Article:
Italian-born designer Alessandro Dell’Acqua first landed on the fashion scene two decades ago. He is founder of his own contemporary label No. 21 and is also creative director of French fashion house Rochas.
Why did you become a fashion designer?
When I was a teenager in Naples, I bought fashion magazines with my savings. I even took part in contests for young designers by Lei magazine, which I won. The publishing house wrote to me and suggested I move to Milan, which I did when I was 18. My first fashion job was at Enrica Massei, one of the most visionary Italian designers at the time. What excites me the most about being a designer is knowing that people enjoy wearing my clothes.
You launched your eponymous label in 1996 but lost the rights to your name. You made a comeback with No. 21 in 2010. How was it different the second time round?
It was a moment of my life where I was forced to make a change, so I created a brand that was completely different but without losing my DNA. As creative director, I reinvented my vision to create a clothing line that mixes my experience as a designer with a new approach focusing on the contemporary segment and wearable clothes. The No. 21 DNA is feminine and sexy but with a strong contemporary attitude. I wanted to develop the day wear which is an important part of the collection.
You recently opened your first store in Hong Kong. Why now?
Asia is an important market for us because people are very fashion conscious. They really appreciate quality fabrics and details. We started with a flagship in Tokyo, then five shop-in-shops in South Korea, and now Hong Kong. The Asia market counts for 45 per cent of the business.
How do you differentiate between Rochas and your own label?
In terms of resources I work on the two labels with the same team of designers. But I am constantly switching between two different mindset brands every day. The Rochas woman is definitely a more eccentric woman who appreciates the finest and richest fabrics that belong to a couture heritage, but that are worn with an easy attitude. The No. 21 woman is practical, yet seductive. The collection reflects the fact that every woman is unique and individual and celebrates the many forms of femininity today.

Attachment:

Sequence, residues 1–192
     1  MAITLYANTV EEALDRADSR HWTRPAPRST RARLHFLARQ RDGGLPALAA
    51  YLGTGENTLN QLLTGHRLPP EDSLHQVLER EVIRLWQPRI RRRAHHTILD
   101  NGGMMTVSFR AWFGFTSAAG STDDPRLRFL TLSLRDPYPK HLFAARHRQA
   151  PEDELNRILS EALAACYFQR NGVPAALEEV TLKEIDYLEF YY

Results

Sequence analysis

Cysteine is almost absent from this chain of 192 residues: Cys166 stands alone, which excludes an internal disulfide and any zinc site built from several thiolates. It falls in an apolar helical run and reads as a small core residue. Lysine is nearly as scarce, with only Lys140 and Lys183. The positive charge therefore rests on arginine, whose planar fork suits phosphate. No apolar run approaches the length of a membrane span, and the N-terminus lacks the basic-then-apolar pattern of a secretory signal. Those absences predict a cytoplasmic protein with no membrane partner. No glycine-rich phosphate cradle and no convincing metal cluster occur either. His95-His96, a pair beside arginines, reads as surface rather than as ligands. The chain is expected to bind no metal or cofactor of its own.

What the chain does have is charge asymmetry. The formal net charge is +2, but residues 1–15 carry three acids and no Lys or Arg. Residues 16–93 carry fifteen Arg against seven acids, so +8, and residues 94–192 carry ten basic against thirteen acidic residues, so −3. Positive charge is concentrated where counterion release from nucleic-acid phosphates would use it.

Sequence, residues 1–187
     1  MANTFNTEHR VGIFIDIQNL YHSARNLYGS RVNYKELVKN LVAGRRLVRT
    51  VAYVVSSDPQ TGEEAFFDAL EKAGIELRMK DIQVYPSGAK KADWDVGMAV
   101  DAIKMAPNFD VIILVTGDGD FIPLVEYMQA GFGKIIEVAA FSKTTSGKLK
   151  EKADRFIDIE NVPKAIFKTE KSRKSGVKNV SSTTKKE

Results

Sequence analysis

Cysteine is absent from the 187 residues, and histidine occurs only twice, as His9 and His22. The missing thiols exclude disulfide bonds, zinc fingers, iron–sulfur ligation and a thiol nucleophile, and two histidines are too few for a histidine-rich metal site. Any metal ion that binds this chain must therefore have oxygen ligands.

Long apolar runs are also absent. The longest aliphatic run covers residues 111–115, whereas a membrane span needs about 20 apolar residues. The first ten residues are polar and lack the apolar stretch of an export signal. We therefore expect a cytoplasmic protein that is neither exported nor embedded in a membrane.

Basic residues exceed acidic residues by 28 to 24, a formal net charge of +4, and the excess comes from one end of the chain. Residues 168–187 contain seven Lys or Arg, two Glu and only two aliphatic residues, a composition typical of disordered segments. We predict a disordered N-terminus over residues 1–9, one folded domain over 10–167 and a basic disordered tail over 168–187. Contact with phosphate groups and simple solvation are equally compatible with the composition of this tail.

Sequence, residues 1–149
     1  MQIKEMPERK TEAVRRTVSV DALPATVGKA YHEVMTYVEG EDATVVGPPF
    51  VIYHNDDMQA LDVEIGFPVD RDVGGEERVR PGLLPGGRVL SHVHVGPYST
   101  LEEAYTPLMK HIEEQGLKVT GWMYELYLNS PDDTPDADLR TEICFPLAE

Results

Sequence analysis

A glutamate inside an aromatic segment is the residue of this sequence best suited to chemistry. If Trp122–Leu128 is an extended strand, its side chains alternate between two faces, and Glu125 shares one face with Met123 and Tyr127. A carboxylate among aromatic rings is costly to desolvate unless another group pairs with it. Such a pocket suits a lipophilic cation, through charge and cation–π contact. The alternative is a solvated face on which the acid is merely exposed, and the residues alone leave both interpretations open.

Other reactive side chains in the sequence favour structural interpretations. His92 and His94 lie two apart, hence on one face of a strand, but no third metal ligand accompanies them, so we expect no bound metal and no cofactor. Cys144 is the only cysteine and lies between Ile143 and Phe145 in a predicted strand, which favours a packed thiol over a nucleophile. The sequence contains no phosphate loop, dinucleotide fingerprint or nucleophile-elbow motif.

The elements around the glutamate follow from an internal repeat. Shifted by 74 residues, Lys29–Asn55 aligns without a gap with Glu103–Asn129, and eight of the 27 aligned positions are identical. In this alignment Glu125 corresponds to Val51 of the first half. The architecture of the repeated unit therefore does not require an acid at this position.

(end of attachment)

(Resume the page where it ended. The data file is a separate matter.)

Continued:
What’s your stance on See Now, Buy Now collections? Do you think they are killing creativity in fashion?
It works only for brands with big production companies and carry-overs. For No. 21 it’s not feasible. As long as there is creativity, fashion will always exist.
How has the industry changed since you first started out?
Once upon a time it was all about the perfect show and dream clothes. Today you win only if you sell. Everything is faster: soon after the show you are already working on the next pre-collection. Social media has also changed things. Back then fashion brands only had advertising campaigns and fashion shows as a form of dialogue with fans and potential consumers. Now social media allows anyone to wear your clothes and offers new points of view. Social media is a source of inspiration and a great way to get feedback about my collections.
Where do you get inspiration?
Inspiration is about atmosphere and sensations, real women and their attitude. I seek inspiration from cinema, from the street, from social media, even from fabrics.
What would you advise young designers looking to get into the fashion industry today?
They must be brave, loyal to their own style and consistent. You can’t change with the trends each season.
How do you stay modern and relevant in fashion today?
By being curious.
Article source: http://www.scmp.com/lifestyle/fashion-luxury/article/2043000/why-hong-kong-so-important-alessandro-dellacqua